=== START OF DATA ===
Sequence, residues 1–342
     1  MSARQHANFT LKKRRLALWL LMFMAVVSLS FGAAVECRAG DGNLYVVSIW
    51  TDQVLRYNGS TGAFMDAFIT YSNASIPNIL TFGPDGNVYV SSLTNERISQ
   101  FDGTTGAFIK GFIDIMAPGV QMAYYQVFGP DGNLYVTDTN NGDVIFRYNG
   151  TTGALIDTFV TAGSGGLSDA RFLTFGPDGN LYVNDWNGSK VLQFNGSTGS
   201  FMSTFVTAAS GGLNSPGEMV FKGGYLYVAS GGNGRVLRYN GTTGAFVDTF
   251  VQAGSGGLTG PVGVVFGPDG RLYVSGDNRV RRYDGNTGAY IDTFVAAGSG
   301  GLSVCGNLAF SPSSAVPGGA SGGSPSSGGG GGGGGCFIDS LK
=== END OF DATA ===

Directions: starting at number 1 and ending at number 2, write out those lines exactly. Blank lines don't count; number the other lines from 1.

Sequence, residues 1–342
     1  MSARQHANFT LKKRRLALWL LMFMAVVSLS FGAAVECRAG DGNLYVVSIW